Interpreting People Connections in Electronic Archives; and NodeXL

Human beings have been communicating digitally, in a way that leaves electronic traces, since the advent of email. The traces of such communications can yield a lot of valuable information, in ways that are only just beginning to be understood.

Today, we usually sift through electronic archives by doing word searches. But more is possible. In particular, networks can be built that yield much of value. Very early examples of commercial products that identify such networks are from Clearwell Systems and Attenex/FTI Consulting. These products are used for e-discovery, and investigate who's been talking to whom about such-and-such subject.

Non-email methods of communicating digitally are flourishing, such as via computer-based voice, social networks, instant messaging, Twitter, SMS, and SharePoint. In each case, there's great potential for technology that lets us see who communicates with whom, about what, and how they do so.

Academic Research

Exciting academic work has been done in this field over the last 25 years, mainly by mathematicians, computer scientists, and sociologists. A rich and specialized graph theory has developed, known as social network analysis. It's accompanied by a useful (and unfamiliar) set of concepts. The work is far more sophisticated than is suggested by commercial offerings such as those of Clearwell and Attenex/FTI. For a summary of what's happening, see here.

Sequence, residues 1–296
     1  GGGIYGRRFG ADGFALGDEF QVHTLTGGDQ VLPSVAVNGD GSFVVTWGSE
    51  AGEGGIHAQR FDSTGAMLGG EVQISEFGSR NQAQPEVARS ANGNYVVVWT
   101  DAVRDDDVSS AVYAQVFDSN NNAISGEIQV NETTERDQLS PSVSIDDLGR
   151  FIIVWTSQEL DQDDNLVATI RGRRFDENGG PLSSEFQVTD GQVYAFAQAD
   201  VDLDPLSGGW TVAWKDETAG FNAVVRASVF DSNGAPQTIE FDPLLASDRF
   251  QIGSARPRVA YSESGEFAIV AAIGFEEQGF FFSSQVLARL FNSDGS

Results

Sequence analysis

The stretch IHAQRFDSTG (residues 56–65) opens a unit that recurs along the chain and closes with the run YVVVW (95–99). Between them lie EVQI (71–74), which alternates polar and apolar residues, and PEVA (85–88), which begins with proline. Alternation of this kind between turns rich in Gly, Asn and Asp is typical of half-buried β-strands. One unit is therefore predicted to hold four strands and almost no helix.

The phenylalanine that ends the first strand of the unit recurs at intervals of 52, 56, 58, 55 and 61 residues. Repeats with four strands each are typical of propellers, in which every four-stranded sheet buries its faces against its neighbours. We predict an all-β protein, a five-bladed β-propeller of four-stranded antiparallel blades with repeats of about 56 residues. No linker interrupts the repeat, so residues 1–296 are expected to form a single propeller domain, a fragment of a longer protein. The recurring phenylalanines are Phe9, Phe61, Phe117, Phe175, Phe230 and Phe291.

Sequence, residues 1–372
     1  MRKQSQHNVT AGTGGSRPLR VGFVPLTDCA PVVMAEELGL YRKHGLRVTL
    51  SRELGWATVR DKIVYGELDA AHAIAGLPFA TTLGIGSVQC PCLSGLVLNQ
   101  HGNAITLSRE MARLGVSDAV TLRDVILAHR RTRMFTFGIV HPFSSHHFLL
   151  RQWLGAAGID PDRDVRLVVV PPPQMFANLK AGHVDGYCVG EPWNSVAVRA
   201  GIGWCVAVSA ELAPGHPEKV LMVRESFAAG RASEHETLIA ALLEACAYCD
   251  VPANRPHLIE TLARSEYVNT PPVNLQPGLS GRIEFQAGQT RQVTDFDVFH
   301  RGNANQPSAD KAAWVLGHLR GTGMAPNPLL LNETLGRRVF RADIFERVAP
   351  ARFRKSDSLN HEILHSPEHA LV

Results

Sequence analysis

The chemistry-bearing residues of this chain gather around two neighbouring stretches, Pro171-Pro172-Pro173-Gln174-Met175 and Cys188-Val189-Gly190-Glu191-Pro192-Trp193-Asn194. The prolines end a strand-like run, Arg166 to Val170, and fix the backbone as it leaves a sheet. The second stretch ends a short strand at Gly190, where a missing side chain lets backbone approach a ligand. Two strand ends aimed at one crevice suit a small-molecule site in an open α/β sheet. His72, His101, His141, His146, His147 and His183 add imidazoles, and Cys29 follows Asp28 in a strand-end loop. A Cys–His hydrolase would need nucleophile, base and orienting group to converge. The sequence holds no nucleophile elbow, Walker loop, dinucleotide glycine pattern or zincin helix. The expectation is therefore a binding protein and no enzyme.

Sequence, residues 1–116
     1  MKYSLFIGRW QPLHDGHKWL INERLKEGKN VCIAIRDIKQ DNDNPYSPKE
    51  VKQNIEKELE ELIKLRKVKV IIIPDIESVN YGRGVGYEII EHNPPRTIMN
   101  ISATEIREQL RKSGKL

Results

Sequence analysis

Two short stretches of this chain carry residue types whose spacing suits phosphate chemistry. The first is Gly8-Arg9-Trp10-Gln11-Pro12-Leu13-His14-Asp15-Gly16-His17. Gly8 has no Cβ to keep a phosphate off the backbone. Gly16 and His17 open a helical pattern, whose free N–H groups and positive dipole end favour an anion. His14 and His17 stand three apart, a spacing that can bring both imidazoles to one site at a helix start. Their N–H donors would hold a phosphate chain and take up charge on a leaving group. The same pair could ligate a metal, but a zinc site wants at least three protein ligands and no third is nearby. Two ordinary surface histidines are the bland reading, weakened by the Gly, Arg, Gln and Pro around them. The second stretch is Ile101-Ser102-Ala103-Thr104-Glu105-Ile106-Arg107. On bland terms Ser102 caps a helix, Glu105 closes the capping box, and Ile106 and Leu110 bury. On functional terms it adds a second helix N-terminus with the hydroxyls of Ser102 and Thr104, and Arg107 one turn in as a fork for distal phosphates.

Over the next 25 years, I think this field will yield rich commercial benefits. And conversely, engagement with the commercial world will stimulate and lend focus to academic research. I suspect there will be many high-value practical applications, and that they're hard to see right now. Practical applications that can be identified now include:

  • Legal discovery
  • Monitoring for criminal activities, or activities that are not in compliance with regulations
  • Identifying subject matter experts
  • Exploring market needs hypotheses
  • CRM
  • Identifying key influencers
  • Generating a corporate map based on organizational connections, location, or job function

NodeXL

NodeXL is an interesting example of human-networking interpretation technology. It's open source technology, very close to academia, but can be used commercially. It's built in Excel, and can ingest content from various sources such as Twitter, Flickr, and YouTube, as well as Outlook. A nice video tutorial is here.

For the moment, most organizations will want help using NodeXL. Marc Smith, one of the developers, offers corresponding professional services. See Connected Action Consulting.

... David Ferris, with thanks to Jeff Ubois and his Personal Archiving Conference, and Marc Smith

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